Next week we were working there and a contingency from Cuba were in the audience. We did a little routine, a blackout, about Castro. I'm on the firing line and, "Do you have any last words before you are shot? Cigarette?" "No, I'm trying to quit." "Ready, Aim..." "Castro - he stink!" "Whatchoo say?" "Castro, he stink!" "Are you looking for trouble?" And that was the little blackout.

After the show these guys go up to Gigi and they want an apology. Gigi came backstage and said, "You have to apologize to these guys." I said, "For what? He's an enemy of ours! I'm not going to apologize. I'll only apologize if the boss tells me." What was his name? With the daughter.

Kliph Nesteroff: Lou Walters.

Burt Holiday: Lou Walters, right. I said if Lou Walters says I have to apologize then I'll apologize. So they waited and they were there and Lou finally comes backstage and Gigi explains, "They did this bit and the Cuban contingent was insulted and Burt doesn't want to apologize." Lou said, "Burt, come over here with me." He grabbed me by the hand and I thought, "Ah, dammit, I'm gonna have to apologize." He goes up to the contingent and he says to them, "Goddammit, you guys get out of my club! I never want to see you here again!" He told the guys to get the hell out of his club (laughs). He was on my side! He had a lot of nerve (laughs).

Kliph Nesteroff: You played the Saddle and the Sirloin in May 1961.

Burt Holiday: We worked there with Bob Hope. It was a bit embarrassing for Bob. We did a routine about football. We did it and he came on after the break... and he did the same joke! It had no effect at all. He thought, "My God." He didn't realize that we had done it, you know. It threw him off for about fifteen minutes and he had a hard time getting back into his routine. It wasn't our fault. He should have listened to what we were doing! We did a lot of comedy. We worked a lot with Don Rickles and Buddy Hackett. They were a pleasure to work with.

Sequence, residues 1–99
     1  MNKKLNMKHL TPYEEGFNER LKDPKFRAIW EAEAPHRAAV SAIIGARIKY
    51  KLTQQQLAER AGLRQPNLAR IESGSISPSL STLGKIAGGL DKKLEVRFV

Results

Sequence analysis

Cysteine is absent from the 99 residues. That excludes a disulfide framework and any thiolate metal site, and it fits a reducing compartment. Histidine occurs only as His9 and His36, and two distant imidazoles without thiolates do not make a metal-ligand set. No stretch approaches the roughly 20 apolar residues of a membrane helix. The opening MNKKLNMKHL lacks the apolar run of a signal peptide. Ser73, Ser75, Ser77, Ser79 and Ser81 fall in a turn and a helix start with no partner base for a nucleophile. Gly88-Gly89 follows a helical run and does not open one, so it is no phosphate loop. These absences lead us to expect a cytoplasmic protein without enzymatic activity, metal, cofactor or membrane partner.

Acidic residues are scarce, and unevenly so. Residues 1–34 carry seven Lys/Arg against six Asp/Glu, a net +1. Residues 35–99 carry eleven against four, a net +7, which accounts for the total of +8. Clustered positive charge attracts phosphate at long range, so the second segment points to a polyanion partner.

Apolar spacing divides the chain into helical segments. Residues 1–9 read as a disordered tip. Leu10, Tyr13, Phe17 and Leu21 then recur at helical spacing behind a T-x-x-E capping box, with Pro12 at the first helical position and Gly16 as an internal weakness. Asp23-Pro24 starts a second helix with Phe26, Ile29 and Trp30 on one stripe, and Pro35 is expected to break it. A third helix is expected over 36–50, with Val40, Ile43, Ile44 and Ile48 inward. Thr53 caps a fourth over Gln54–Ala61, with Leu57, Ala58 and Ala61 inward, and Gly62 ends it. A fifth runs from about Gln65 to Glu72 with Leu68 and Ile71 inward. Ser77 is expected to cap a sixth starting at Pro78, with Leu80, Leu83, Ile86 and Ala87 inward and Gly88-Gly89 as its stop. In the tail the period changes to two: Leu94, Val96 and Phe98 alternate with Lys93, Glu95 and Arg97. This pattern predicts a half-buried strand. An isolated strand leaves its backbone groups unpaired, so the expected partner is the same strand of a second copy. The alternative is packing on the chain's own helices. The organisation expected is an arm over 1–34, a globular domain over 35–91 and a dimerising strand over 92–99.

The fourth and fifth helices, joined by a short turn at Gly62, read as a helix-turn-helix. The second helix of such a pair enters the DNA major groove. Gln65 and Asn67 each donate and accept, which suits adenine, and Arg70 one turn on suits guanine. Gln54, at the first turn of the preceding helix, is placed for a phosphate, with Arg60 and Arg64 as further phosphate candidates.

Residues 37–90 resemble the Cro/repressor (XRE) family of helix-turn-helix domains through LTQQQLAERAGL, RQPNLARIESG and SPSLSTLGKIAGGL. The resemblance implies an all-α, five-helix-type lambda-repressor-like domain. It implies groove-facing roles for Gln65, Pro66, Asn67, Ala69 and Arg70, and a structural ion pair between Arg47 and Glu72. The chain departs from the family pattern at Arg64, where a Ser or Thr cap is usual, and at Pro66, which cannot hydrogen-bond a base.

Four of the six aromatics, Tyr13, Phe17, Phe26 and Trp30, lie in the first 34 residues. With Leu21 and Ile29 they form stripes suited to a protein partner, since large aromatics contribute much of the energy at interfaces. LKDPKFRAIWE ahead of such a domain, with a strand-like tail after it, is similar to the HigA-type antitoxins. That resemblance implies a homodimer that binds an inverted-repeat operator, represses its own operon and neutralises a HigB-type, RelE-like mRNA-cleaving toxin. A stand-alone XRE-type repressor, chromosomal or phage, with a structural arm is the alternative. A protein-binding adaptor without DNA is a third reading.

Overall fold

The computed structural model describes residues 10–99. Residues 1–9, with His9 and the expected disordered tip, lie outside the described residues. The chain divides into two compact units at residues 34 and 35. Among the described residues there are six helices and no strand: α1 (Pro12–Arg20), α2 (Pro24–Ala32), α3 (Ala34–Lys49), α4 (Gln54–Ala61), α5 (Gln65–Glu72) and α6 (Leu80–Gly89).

Kliph Nesteroff: What was Buddy Hackett like?

Burt Holiday: Well, he was... he was feisty! Feisty, but funny. He didn't get the credit when he passed away. There wasn't much said about him, but he was funny. When he'd walk out onstage, he just had that charisma. Rickles was a pussycat and not at all like what he pretends to be like onstage.

Kliph Nesteroff: When did you first encounter Don Rickles?

Burt Holiday: He was a star already. We worked the lounge with him at the Sahara. That's where he became really well known - like Louis Prima and Keeley Smith. We worked with him at that lounge in the Sahara. We became very good friends and played golf with him a lot. He had dinner at our house a lot when I lived in Reno. Like I say, it's a beautiful song that Ronnie wrote for him, I'll Trade You Laughter For Love. It's perfect for him.

Kliph Nesteroff: October 1961, you played Eddy's in Kansas City.

Burt Holiday: We worked Eddy's with John Gary. I don't recall much about the club exactly, but there isn't a place we haven't worked.

Kliph Nesteroff: A comedian I spoke with told me it was a real Outfit joint, but I guess all the clubs in those days were pretty much run by the Mob.

Burt Holiday: Yes. If I remember it had a pool right in the middle so you had to work around it. It wasn't the best set up in the world. Oh well. It was work.

Kliph Nesteroff: September 1962 - the Mapes Skyroom.